The raid on MyRedBook is part of a wider American crackdown on sex workers, whose result may, ironically, be more migration. “It’s almost like breast cancer awareness in its publicity right now,” says Kelly Michaels, an American specialist in tantric sex. Michaels tours to work when her children are with their father. For her, arrest could mean exposure and the loss of her children; touring can keep authorities from picking up the scent, but could equally put her at risk, as she is continually meeting new clients. “The main reason I tour is law enforcement. . .to keep myself a moving target. I would love to be able to book locally and not make myself vulnerable,” she says. For her, today’s media furore about trafficking has proved too much. After six years as a sex worker, and a bitter fight to wrest custody from a whore-shaming ex-husband, Michaels is retiring from sex work, and is making a documentary about her attempt to follow the advice of the rescue industry, supporting her family by other means.

Victor Hugo said that a writer is a world trapped in a person. The same is true of any of us. There is more to Paula’s story, or to Kelly’s, than a body and a job. Theirs are stories of personal success. They’re about the hope and apprehension of a new venture, the universality of domestic violence, and the ingenuity displayed in surviving it. They’re about the joy of building a business, and the fear of its destruction through causes outside of your control. They’re stories about finding your voice. Most of all, they are each a part of the broad, human story of uncertainty, change, and the sometimes bumpy road to building a new life. We may enter sex work out of optimism or out of desperation, and we may love our jobs or hate them. For most of us, our reasons, and our sentiments, fall somewhere in between, but all of us can fall prey to the state and the rescue industry. Capturing and labelling us, they decide our fates; they become the coercers, and can shatter lives. Let our society set them aside, together with the trafficking myth; let sex workers take the lead in debates about our lives and work. We are coming out of the shadows, and demanding our freedom to work, organise, and fight. With that freedom, sex workers ourselves will end coercion in our trade, and we will take our rightful place in the struggle to end it everywhere.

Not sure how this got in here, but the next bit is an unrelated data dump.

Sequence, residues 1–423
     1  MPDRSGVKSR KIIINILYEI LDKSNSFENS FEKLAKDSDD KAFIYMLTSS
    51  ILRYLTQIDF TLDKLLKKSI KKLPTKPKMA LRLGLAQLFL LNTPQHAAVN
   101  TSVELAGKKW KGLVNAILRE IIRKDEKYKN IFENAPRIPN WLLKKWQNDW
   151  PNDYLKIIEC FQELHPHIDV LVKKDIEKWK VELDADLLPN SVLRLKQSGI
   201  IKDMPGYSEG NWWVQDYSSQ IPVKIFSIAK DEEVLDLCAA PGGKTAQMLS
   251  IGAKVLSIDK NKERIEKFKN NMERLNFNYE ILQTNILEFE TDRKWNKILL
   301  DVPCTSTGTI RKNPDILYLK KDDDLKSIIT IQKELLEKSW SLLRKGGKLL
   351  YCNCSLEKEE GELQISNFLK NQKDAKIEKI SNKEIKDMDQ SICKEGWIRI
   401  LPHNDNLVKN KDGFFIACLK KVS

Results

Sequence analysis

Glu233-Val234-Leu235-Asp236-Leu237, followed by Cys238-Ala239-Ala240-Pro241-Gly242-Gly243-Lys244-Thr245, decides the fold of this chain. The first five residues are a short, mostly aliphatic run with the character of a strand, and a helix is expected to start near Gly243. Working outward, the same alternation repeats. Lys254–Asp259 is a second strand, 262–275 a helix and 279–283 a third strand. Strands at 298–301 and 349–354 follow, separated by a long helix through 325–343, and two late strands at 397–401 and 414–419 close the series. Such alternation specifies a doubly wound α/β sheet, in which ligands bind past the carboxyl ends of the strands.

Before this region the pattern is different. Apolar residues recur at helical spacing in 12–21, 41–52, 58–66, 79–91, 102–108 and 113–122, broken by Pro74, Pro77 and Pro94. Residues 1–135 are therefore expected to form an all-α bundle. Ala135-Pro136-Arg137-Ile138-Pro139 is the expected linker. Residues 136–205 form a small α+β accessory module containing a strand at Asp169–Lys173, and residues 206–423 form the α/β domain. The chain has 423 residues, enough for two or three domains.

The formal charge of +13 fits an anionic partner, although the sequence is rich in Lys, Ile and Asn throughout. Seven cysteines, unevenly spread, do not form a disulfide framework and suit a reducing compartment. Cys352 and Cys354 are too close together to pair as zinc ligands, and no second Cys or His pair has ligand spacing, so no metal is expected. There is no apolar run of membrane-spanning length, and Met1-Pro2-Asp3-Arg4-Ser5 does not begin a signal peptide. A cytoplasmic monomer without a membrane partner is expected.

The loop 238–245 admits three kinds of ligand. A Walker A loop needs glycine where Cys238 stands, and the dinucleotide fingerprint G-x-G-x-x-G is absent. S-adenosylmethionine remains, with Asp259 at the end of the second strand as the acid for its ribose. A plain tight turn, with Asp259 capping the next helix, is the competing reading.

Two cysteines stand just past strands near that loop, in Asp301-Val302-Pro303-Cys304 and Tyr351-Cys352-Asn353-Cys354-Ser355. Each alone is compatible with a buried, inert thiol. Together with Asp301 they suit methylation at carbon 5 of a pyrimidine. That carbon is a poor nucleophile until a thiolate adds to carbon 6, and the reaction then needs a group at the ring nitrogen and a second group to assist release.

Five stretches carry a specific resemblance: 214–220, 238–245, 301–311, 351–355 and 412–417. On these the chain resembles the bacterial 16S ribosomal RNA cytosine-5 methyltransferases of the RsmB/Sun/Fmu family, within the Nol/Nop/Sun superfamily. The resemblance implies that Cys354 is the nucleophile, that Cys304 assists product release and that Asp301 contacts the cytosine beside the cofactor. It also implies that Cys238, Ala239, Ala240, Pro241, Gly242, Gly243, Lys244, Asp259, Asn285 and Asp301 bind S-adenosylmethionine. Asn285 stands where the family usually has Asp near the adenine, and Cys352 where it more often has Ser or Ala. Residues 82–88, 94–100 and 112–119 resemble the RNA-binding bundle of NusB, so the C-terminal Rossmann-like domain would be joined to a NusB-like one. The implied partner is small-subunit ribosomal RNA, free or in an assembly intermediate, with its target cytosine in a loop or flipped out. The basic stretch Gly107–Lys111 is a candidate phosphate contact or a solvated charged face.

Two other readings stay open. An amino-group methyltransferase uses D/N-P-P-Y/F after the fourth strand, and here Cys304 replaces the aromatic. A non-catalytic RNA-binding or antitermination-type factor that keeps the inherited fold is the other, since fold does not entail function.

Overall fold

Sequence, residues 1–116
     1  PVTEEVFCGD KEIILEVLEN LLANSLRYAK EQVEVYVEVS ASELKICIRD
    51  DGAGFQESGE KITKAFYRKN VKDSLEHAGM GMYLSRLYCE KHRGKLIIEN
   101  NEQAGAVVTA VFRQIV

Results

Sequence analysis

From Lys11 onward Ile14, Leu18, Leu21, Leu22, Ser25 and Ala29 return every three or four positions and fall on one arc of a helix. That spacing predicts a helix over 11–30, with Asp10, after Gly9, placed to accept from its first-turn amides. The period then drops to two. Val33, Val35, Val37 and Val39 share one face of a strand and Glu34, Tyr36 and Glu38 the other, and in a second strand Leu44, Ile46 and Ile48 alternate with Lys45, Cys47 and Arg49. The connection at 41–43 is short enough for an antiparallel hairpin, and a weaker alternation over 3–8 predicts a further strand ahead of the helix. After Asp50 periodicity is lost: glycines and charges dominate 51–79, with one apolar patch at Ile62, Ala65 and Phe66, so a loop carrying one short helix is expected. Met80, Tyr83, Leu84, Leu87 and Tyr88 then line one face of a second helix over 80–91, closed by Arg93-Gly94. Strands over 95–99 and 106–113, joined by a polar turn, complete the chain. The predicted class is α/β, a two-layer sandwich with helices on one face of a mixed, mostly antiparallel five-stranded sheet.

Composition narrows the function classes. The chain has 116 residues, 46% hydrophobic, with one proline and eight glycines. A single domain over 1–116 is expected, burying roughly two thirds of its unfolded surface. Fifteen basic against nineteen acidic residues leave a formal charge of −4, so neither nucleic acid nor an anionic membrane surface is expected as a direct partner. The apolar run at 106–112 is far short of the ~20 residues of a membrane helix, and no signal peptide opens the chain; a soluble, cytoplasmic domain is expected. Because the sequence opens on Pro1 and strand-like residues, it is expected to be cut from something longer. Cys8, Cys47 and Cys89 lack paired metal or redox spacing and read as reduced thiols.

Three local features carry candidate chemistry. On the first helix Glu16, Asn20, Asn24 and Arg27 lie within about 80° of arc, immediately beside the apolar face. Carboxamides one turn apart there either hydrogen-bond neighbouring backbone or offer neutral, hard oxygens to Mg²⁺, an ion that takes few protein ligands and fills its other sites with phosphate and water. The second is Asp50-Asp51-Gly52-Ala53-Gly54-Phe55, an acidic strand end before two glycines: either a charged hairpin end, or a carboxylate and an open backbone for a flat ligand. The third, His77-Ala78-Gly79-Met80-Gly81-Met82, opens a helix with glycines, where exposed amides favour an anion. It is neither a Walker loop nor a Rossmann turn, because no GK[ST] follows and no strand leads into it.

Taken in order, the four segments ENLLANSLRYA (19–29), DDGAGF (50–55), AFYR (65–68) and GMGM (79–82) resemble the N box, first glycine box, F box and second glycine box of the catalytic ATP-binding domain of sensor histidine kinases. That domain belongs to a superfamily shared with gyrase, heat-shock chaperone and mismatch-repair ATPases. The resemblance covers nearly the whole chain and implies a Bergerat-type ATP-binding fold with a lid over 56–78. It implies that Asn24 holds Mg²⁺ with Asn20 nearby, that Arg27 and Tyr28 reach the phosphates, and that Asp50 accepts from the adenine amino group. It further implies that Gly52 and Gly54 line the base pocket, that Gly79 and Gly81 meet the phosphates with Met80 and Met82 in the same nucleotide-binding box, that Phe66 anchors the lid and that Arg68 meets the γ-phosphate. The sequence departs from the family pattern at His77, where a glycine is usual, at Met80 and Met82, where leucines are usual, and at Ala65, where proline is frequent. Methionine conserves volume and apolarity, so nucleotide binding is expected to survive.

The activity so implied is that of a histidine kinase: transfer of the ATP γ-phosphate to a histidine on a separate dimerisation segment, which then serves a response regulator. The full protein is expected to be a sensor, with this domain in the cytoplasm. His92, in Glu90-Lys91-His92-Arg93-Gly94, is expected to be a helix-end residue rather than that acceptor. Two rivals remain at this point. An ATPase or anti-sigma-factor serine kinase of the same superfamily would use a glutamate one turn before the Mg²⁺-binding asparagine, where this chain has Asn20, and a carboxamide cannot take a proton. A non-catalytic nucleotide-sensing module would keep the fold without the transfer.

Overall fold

Margaret Corvid is a writer, activist and professional dominatrix living in the south west.

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No, the battle in Momentum isn't about young against old

Jon Lansman and his allies' narrative doesn't add up, argues Rida Vaquas.

If you examined the recent coverage around Momentum, you’d be forgiven for thinking that it was headed towards an acrimonious split, judging by the vitriol, paranoia and lurid accusations that have appeared online in the last couple days. You’d also be forgiven for thinking that this divide was between a Trotskyist old guard who can’t countenance new ways of working, and hip youngsters who are filled with idealism and better at memes. You might then be incredibly bemused as to how the Trotskyists Momentum was keen to deny existed over the summer have suddenly come to the brink of launching a ‘takeover bid’.

However these accounts, whatever intentions or frustrations that they are driven by, largely misrepresent the dispute within Momentum and what transpired at the now infamous National Committee meeting last Saturday.